3. The provisions of this Article shall be applied in case of any armed attack which takes place within the region described in Article 4 or within the territory of an American State. When the attack takes place outside of the said areas, the provisions of Article 6 shall be applied.

4. Measures of self-defense provided for under this Article may be taken until the Security Council of the United Nations has taken the measures necessary to maintain international peace and security.

Article 4 (...)

Article 5 The High Contracting Parties shall immediately send to the Security Council of the United Nations, in conformity with Articles 51 and 54 of the Charter of the United Nations, complete information concerning the activities undertaken or in contemplation in the exercise of the right of self-defense or for the purpose of maintaining inter-American peace and security.

Article 6 If the inviolability or the integrity of the territory or the sovereignty or political independence of any American State should be affected by an aggression which is not an armed attack or by an extra-continental or intra-continental conflict, or by any other fact or situation might endanger the peace of America, the Organ of Consultation shall meet immediately in order to agree on the measures which must be taken in case of aggression to assist the victim of the aggression or, in any case, the measures which should be taken for the common defense and for the maintenance of the peace and security of the Continent.

Article 7 In the case of a conflict between two or more American States, without prejudice to the right of self-defense in conformity with Article 51 of the Charter of the United Nations, the High Contracting Parties, meeting in consultation shall call upon the contending States to suspend hostilities and restore matters to the statu quo ante bellum, and shall take in addition all other necessary measures to reestablish or maintain inter-American peace and security and for the solution of the conflict by peaceful means. The rejection of the pacifying action will be considered in the determination of the aggressor and in the application of the measures which the consultative meeting may agree upon.

Article 8 For the purposes of this Treaty, the measures on which the Organ of Consultation may agree will comprise one or more of the following: recall of chiefs of diplomatic missions; breaking of diplomatic relations; breaking of consular relations; partial or complete interruption of economic relations or of rail, sea, air, postal, telegraphic, telephonic, and radiotelephonic or radiotelegraphic communications; and use of armed force.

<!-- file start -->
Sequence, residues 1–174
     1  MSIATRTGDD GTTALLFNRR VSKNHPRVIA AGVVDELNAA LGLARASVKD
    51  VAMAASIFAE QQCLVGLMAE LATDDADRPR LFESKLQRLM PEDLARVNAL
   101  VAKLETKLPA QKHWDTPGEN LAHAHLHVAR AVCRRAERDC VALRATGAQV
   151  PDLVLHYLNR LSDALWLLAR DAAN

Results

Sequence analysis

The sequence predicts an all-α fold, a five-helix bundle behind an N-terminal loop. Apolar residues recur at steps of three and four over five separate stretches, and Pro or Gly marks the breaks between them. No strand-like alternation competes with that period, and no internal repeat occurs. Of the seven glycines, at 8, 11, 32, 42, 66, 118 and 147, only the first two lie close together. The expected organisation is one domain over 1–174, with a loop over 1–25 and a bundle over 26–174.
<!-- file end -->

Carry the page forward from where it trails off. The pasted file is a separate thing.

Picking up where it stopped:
Article 9 In addition to other acts which the Organ of Consultation may characterize as aggression, the following shall be considered as such:

(a) Unprovoked armed attack by a State against the territory, the people, or the land, sea or air forces of another State;

(b) Invasion, by the armed forces of a State, of the territory of an American State, through the trespassing of boundaries demarcated in accordance with a treaty, judicial decision, or arbitral award, or, in the absence of frontiers thus demarcated, invasion affecting a region which is under the effective jurisdiction of another State.

Article 10 None of the provisions of this Treaty shall be construed as impairing the rights and obligations of the High Contracting Parties under the Charter of the United Nations.

Article 11 The consultations to which this Treaty refers shall be carried out by means of the Meetings of Ministers of Foreign Affairs of the American Republics which have ratified the Treaty, or in the manner or by the organ which in the future may be agreed upon.

Article 12 (...)

Article 13 The consultations shall be initiated at the request addressed to the Governing Board of the Pan American Union by any of the Signatory States which has ratified the Treaty.

Article 14 In the voting referred to in this Treaty only the representatives of the Signatory States which have ratified the Treaty may take part.

Article 15 The Governing Board of the Pan American Union shall act in all matters concerning this Treaty as an organ of liaison among the Signatory States which have ratified this Treaty between these States and the United Nations.

Article 16 The decisions of the Governing Board of the Pan American Union referred to in Articles 13 and 15 above shall be taken by an absolute majority of the Members entitled to vote.

Article 17 The Organ of Consultation shall take its decisions by a vote of two-thirds of the Signatory States which have ratified the Treaty

Article 18-Article 26 (...)